Donald Trump’s 6-month approval rating isn’t that much lower than Bill Clinton’s

Jul 20th, 2017 | By Randall White | Category: In Brief

American people who probably didn’t vote for Donald Trump, but might have voted for Bill Clinton back in the day..

[UPDATED JULY 21]. “This may be the hottest day we’ve had this summer,” someone said in the parking lot. I don’t know myself. In any case that’s just up here — north of the lakes.

Contemplating the more southerly climate of la démocratie en Amérique, I’m still thinking about two world-wide web reports from this past Monday : Steve Benen’s “Trump sees his historically awful public standing as ‘not bad’” from the Rachel Maddow site ; and Harry Enten’s “Six Months In, Trump Is Historically Unpopular” from  Nate Silver’s fivethirtyeight.com.

Both reports compare presidential approval ratings after six months in office since the death of Franklin Delano Roosevelt at Warm Springs, Georgia on April 12, 1945.

Steve Benen’s work is based on “Washington Post/ABC News and Gallup Data.” Harry Enten uses “the FiveThirtyEight aggregate” (and if you are seriously wondering what this means try “How We’re Tracking Donald Trump’s Approval Ratings” by Nate Silver).

Because they use somewhat different configurations of polls, the two reports rank the “six-month-in popularity” of the 13 presidents since FDR somewhat differently. But they agree on the  key real-world results  :

* the four most popular presidents after six months in office are “Truman, Kennedy, Johnson,  Eisenhower” (Benen) or (in a slightly different order) “Harry Truman, Lyndon Johnson, John Kennedy, Dwight Eisenhower” (Enten) ;

* the three least popular presidents at the same juncture are “Clinton, Ford, Trump” (Benen) or (in the same order) “Bill Clinton, Gerald Ford, Donald Trump” (Enten).

Two further propositions strike me as I ponder these reports at slightly greater length …

UPDATE JULY 21 : See also Jeffrey M. Jones at the Gallup organization on “Trump Sets New Low for Second-Quarter Job Approval.” (Which also shows President Trump not all that far away from President Clinton!)

1. Who really knows why the golden age of the 1940s, 1950s, and 1960s vanished (and was it really all that golden anyway) ?

The first proposition is just about time. The most popular presidents after six months in office are all from quite long ago now (1945, 1953, 1961, 1964 in the case of the top four). And the least popular presidents are from more recent times. (Gerald Ford is a modest exception. But even he is from the mid 1970s, rather than the 1940s, 1950s, or 1960s.)

So … democracy in America may have reached some new bottom in six-month-in approval ratings with President Trump (in both the Benen and Enten reports). But he also just reflects a downward trend in motion for some time. The “average year” for the six most popular presidents after six months (based on Enten’s data, since he posts raw numbers not bar charts) is 1963. The average year for the seven least popular presidents is 1993.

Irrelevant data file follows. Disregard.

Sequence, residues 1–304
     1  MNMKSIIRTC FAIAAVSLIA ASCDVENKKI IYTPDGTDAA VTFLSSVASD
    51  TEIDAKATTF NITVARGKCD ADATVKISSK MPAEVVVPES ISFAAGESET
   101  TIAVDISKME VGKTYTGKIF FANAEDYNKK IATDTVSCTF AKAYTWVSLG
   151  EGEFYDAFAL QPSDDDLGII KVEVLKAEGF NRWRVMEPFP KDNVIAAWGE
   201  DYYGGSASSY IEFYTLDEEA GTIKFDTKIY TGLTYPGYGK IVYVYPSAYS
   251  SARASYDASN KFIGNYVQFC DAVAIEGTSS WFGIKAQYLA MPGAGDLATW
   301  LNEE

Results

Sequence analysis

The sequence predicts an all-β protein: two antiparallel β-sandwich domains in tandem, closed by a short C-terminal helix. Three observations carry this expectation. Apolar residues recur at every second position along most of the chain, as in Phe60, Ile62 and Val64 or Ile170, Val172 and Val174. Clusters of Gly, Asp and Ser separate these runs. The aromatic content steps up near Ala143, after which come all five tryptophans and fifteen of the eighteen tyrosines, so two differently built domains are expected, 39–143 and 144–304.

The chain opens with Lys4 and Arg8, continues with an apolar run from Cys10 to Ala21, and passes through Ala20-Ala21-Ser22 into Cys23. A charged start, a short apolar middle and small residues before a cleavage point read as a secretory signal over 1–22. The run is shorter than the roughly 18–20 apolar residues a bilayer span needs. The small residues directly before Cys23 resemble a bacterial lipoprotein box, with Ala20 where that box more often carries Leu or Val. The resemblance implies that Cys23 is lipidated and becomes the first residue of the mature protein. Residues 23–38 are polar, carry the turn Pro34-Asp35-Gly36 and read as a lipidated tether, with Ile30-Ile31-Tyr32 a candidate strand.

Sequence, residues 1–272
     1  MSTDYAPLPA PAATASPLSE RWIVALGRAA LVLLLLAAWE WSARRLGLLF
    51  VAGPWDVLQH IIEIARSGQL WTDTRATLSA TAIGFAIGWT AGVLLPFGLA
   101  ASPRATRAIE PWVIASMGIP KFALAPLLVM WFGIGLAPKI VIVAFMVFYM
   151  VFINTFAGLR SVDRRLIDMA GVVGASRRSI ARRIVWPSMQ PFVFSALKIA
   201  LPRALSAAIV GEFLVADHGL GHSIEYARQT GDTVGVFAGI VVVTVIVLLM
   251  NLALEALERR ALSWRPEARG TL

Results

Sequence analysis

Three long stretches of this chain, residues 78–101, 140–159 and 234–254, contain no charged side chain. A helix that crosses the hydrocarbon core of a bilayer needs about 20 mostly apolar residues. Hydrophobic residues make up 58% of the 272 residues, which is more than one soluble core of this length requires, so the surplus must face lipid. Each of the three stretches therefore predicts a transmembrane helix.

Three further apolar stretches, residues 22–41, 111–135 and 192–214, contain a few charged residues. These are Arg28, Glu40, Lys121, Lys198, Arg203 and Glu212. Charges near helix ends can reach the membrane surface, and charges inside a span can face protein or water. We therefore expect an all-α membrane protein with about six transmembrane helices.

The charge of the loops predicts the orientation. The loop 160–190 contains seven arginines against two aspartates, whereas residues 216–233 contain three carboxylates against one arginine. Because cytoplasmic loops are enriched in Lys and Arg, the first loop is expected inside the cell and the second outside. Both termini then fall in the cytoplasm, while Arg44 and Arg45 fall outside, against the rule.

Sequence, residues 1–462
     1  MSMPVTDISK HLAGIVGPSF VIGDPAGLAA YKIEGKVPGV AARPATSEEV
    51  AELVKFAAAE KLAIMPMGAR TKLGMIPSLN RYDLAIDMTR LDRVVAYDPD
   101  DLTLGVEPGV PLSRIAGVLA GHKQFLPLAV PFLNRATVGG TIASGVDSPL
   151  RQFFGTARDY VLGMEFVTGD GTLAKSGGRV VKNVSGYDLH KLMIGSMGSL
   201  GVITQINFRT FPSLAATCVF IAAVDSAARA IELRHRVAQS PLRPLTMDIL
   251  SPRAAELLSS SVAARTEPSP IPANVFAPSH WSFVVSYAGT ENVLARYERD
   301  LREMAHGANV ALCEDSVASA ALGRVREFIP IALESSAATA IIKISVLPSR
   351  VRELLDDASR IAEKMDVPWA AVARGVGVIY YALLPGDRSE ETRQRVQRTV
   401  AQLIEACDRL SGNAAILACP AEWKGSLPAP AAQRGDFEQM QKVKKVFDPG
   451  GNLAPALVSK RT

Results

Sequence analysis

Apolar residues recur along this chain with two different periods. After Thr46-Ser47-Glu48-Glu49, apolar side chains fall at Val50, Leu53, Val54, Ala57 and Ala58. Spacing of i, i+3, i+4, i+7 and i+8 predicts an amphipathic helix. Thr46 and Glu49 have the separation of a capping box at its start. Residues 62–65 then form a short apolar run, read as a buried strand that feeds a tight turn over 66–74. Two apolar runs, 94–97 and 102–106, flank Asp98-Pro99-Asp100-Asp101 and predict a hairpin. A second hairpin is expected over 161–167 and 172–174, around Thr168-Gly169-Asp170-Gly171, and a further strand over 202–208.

On one deeper reading of all this, the American people seem more critical and skeptical today. Perhaps because times for some are that much worse. Perhaps because many are less naive and gullible. Perhaps because political debate has become so partisan and polarized. For whatever exact reasons, it is apparently harder to be a popular president than it used to be.

(And then there are a few misleading wrinkles on timing as well. On Enten’s raw numbers again, the high approval ratings for both Truman and Johnson come from just after the deaths of FDR and JFK, while Ford’s low ratings come in the wake of Watergate and the Nixon resignation.)

2. Donald Trump as the Republicans’ revenge for “New Democrat” Bill Clinton

l to r : Sports Illustrated swimsuit model Kylie Bax, Donald Trump, President Bill Clinton, and Melania Knauss (who would later marry Trump), at the US Open in Flushing, New York, September 8, 2000.

The second proposition that struck me as I stared at the Benen and Enten charts and tables may be more provocative.

It is true enough that in both analyses President Donald Trump Sr winds up on the bottom.

(In the Enten table he actually has a somewhat higher approval rating than “Gerald Ford.” But Trump’s “disapproval rating” [as opposed to indifference or “don’t know”] is 14 points higher than Ford’s. And this means Trump’s “net approval” — ie approval rating minus disapproval rating — is 10 points lower, and clearly the lowest on the list. He is also lowest in both approval and disapproval ratings from the start on Steve Benen’s bar chart.)